In Luke, Jesus only travels along the border between Samaria and Galilee (Luke 17:11), and in Matthew, Jesus warns his disciples away from both gentiles and Samaritan Israelites (Matt 10:5).
On the recognition of common ancestry combined with a desire to reject the Samaritans from a Jewish point of view, see (Paul 2021, p. 130).
For the fatherhood of God in Judaism in particular, see (Girsch 2015, pp. 58–61).
Horrell points out that even kinship that we might call fictive because it is not based on genetic relations nevertheless, when constructed, results in this-world behaviors (Horrell 2020, p. 111).
Keener brings this transcendent worship up again and equates it with worship in Revelation, citing, i.a., 7:9. However, besides there being no necessary connection with the Fourth Gospel, worship in Rev. 7:9 is specifically not transcendent of ethnicity. It is not that the barriers of impurity, gender, and traditions have been overcome, but that they have been incorporated (pace Keener 2003, p. 1.619).
BDAG, 646 (3), 649.
Tom Thatcher locates quite of few of the μή questions within passages identified as riddles on other grounds (Thatcher 2000, pp. 278–80, 219–21, 238).
Although there is no space to discuss it here, Jesus as God’s gift may reference the living water from the well of wisdom, the wandering Israelites’ traveling well, and God’s gift of Torah through Moses (Neyrey 1979, pp. 421–23; Keener 2003, pp. 1.602–604; Lincoln 2005, pp. 173–74; Coloe 2013, pp. 187–88). For further connections between water and Jacob’s well, see (Kot 2020, p. 630). However, note the dating issues mentioned in n. 5. Furthermore, the question for targumim as background to John 4 is not whether “the woman of Samaria who comes to the well must have known the non-Biblical texts”, but whether authors and audiences might have known them. In this article, however, I focus on living water as running water (both described as ὕδωρ ζῶν) used for purification.
A full discussion of the Taheb cannot be entered into here.
For a roundup of sources on the debate about whether προφήτης is definite or not in v. 19, see (Paul 2021, pp. 181–84).
On Messiah language in Second Temple Judaism, see (Novenson 2016, pp. 57–63).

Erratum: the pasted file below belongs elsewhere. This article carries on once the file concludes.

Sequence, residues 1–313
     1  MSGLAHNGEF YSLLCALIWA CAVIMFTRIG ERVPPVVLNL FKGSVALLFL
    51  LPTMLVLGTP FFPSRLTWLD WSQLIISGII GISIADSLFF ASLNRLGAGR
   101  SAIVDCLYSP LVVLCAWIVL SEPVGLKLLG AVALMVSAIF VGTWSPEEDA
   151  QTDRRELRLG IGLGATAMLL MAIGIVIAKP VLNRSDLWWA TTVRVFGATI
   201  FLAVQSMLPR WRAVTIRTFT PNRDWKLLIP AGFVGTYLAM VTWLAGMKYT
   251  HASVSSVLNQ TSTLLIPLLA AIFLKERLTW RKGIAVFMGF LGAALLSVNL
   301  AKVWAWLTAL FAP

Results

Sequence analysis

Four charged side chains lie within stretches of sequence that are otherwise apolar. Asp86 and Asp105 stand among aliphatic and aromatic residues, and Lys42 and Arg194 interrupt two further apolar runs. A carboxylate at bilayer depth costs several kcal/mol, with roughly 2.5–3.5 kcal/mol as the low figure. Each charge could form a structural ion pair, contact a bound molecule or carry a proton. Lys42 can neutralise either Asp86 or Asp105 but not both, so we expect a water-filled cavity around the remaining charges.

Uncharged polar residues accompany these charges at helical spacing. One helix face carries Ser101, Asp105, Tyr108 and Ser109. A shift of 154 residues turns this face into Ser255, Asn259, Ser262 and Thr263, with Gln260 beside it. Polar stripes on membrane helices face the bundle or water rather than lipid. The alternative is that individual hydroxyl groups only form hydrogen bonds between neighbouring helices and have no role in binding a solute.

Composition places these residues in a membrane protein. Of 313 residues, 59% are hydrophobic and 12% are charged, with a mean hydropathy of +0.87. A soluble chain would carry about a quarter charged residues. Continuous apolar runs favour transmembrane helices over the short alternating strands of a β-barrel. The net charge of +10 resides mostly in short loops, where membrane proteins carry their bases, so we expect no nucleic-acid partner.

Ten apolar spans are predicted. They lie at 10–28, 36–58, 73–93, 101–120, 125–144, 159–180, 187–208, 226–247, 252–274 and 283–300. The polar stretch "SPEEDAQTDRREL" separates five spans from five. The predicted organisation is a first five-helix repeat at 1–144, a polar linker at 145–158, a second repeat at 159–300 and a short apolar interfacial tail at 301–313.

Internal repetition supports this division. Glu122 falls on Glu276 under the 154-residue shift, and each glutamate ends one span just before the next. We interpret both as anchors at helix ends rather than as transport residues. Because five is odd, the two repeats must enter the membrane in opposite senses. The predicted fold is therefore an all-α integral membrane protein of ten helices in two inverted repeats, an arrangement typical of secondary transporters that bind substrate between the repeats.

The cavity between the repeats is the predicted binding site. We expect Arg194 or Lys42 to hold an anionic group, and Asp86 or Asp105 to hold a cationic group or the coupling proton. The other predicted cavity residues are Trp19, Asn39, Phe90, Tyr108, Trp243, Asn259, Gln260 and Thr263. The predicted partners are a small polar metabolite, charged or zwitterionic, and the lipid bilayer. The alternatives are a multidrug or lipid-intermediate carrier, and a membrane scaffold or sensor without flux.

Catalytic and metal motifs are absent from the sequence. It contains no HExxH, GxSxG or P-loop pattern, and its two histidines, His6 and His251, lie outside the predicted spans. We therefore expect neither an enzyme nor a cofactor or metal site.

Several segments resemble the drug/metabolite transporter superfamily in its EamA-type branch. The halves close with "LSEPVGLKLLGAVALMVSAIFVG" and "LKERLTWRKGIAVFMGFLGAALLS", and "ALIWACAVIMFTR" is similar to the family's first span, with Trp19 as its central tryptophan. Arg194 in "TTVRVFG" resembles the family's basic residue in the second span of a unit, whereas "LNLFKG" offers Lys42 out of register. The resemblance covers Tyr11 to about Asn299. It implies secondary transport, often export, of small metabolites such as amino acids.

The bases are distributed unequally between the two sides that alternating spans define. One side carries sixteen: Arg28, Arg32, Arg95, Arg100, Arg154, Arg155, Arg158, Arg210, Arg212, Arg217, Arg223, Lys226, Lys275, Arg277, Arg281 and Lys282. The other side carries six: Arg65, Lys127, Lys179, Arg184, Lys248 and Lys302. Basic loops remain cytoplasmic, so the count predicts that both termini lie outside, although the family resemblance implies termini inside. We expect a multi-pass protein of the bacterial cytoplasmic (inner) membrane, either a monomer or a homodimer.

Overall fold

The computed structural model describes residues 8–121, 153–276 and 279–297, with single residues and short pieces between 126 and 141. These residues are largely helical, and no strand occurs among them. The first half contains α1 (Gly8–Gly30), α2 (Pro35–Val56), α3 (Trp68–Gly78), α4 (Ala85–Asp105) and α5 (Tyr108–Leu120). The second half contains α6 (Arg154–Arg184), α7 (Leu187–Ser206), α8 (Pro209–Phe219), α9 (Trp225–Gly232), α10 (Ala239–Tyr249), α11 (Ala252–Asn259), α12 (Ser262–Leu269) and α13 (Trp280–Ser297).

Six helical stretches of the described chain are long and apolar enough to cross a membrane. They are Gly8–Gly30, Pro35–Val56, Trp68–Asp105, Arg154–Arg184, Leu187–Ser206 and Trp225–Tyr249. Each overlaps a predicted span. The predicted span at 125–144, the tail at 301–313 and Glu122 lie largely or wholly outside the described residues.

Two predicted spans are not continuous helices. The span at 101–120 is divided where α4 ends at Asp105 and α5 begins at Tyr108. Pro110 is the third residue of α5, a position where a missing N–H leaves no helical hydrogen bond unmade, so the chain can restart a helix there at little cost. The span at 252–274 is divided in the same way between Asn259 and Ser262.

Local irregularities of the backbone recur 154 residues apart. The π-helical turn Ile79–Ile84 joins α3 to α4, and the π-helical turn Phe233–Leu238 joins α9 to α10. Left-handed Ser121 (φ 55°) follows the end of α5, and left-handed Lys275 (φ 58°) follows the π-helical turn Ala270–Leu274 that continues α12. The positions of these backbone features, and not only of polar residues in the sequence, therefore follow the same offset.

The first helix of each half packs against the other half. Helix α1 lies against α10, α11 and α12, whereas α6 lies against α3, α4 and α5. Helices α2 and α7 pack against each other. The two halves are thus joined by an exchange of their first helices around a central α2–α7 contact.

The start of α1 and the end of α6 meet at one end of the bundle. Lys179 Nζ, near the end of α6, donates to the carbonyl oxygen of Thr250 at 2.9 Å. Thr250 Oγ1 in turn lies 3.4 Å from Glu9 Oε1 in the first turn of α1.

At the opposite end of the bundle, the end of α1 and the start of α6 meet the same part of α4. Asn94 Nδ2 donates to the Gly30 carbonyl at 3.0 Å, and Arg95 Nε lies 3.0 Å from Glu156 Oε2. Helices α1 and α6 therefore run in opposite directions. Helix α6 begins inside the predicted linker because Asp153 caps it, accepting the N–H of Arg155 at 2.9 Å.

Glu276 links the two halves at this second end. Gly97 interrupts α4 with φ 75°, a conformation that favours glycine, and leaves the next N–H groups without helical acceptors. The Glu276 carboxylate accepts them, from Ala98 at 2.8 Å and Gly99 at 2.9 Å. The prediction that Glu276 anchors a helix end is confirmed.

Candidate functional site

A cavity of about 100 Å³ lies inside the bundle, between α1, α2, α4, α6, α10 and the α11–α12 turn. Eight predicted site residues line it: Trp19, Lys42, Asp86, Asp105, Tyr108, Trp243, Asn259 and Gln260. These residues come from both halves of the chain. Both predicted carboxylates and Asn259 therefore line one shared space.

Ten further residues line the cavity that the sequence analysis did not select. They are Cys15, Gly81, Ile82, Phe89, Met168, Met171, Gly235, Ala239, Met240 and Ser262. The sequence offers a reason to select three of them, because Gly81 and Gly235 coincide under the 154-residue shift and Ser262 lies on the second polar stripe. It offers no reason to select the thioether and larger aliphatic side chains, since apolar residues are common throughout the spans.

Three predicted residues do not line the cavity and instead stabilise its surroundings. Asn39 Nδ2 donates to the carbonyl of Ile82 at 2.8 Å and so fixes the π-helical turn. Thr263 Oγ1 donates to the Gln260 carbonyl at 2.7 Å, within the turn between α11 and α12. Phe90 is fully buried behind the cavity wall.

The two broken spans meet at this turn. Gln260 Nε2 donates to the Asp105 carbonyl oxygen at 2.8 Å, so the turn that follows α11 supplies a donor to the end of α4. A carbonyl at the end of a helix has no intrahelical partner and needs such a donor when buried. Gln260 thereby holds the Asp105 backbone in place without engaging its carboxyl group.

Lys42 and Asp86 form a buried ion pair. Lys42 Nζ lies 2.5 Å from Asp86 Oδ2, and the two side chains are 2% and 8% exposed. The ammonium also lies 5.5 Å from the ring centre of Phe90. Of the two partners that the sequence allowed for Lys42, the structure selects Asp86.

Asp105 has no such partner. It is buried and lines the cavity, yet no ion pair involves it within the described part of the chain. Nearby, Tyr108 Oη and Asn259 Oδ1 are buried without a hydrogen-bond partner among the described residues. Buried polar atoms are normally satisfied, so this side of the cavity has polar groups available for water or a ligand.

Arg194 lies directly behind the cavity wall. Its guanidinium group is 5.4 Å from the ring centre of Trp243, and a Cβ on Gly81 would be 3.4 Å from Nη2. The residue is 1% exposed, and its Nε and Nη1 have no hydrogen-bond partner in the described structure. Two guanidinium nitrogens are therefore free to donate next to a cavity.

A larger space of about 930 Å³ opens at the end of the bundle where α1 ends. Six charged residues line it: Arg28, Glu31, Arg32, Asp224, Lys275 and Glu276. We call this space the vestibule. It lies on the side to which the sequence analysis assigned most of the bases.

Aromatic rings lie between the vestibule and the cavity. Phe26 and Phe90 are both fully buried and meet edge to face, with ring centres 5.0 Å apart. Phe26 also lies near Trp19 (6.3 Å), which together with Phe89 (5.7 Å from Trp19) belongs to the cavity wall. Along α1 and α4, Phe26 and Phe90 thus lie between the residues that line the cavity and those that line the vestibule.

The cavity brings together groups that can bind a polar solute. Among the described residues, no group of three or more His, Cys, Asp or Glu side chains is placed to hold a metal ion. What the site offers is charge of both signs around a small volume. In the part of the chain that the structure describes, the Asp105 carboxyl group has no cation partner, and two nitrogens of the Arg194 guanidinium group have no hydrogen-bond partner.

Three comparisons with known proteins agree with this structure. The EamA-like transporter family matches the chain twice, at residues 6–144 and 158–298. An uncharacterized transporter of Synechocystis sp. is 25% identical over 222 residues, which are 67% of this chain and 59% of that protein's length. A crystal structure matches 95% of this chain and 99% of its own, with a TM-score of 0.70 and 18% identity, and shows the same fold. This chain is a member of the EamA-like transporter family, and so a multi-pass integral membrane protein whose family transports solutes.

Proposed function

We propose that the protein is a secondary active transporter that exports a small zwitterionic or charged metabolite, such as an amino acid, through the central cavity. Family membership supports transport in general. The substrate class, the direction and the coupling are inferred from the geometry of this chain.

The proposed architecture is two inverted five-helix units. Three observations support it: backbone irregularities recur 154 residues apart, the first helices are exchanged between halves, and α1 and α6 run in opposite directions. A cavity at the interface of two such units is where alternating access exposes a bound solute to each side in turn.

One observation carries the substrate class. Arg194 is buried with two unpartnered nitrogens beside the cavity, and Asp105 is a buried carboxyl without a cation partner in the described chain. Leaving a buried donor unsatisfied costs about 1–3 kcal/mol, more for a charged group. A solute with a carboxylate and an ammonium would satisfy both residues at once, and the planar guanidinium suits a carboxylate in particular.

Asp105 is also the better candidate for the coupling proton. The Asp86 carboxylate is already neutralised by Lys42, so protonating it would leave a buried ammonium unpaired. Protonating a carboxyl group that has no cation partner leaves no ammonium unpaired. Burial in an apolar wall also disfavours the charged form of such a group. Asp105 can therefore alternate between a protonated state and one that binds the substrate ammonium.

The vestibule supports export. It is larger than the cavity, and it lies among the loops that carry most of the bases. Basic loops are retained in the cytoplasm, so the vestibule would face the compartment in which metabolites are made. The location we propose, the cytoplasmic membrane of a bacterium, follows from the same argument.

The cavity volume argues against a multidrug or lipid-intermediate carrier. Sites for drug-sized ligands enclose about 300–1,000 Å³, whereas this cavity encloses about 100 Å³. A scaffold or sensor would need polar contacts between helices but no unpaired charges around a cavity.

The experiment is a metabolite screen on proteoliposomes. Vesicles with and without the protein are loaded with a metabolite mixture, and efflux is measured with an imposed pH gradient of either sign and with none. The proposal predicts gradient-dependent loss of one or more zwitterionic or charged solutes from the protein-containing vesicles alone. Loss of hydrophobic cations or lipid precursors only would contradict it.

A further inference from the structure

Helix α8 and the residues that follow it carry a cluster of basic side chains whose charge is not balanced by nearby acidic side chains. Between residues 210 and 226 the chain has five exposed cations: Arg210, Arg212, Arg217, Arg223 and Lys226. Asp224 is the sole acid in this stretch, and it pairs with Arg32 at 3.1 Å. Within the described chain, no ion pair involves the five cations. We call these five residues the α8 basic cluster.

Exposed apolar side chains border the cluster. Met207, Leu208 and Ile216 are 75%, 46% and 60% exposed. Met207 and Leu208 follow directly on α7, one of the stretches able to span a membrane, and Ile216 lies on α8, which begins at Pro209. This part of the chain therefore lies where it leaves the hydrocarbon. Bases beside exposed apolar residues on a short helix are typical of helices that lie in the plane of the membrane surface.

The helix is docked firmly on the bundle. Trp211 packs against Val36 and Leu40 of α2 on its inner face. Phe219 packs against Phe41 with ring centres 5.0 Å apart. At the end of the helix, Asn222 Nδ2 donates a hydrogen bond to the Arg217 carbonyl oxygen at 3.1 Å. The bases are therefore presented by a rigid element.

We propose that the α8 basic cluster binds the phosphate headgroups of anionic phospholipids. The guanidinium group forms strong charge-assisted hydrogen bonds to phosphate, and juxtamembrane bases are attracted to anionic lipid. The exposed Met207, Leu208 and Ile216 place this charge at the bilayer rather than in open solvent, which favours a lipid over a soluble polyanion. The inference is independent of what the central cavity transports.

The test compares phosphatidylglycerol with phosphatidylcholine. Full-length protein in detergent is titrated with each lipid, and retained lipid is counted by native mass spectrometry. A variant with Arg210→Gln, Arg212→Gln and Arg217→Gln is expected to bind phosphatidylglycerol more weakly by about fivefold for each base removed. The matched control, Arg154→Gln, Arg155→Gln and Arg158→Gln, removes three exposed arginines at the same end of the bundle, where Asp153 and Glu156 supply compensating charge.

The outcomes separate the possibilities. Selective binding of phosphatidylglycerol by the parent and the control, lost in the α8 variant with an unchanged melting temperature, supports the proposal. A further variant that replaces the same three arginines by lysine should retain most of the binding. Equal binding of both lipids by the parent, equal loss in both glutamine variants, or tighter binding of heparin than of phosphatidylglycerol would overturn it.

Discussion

Paul suggests something similar as well; (Paul 2021, pp. 200, 202).
Keener suggests something similar but sees them both as superseded (Keener 2003, p. 1.615).
On Deut 32:1–43 and its relation to Deutero-Isaiah, see (Williams 2000, pp. 42–50). And on the connection to Samaritan belief, see (Williams 2000, pp. 74–85, 258–59). Note that Williams does not assume that later eschatology was current at the time of composition but does suggest an early belief in a returning Moses-like prophet, p. 259.
The term “heterarchy” is useful for multiple centers of identity that interact without clear hierarchy (Crumley 1987).
Sychar was likely a small town; (Zangenberg 2006, p. 418).
Power relations exist between Jesus and Photini, as well; however, the relative power of a ‘Jewish’ man and a Samaritan Israelite woman when they are sitting by a well in Samaria is difficult to gauge. It would be interesting to look at the ways the Fourth Gospel claims superiority for Jesus (1:30; 8:23) and yet also gives authority away (1:12; 20:23), but that will not be attempted in this article.
Kubiś clearly makes this case, despite his relative lack of interaction with 21st century or women scholars. His citations of Aulus Gellius demonstrate that even in Rome, although the day begins at midnight, the hours of the night are counted starting at sunset, such that “the sixth hour of the night” is midnight (Kubiś 2021, p. 254).
See also Keener’s note that the Ankore of Uganda “rest at noon and draw water about 1pm” (Keener 2003, p. 1.593 n. 86). The one-hour time difference does not seem enough to distinguish clearly between proper and shameful visits to a well, however.
My point is not so much to argue that Jesus is not alone, but to recognize that a private space is not a necessary interpretation of this scene.
Embodied purity is not unrelated to Moore’s “spiritual material” water (Moore 1993, p. 222).
Pace Paul who sees no references to purity in this passage (Paul 2021, p. 145). However, she does not seem to be aware of the double meaning of ὕδωρ ζῶν. For Paul, the rift between Jews and Samaritans expressed in vv. 1–9 is specifically grounded in the two opposing places of worship (Paul 2021, p. 148).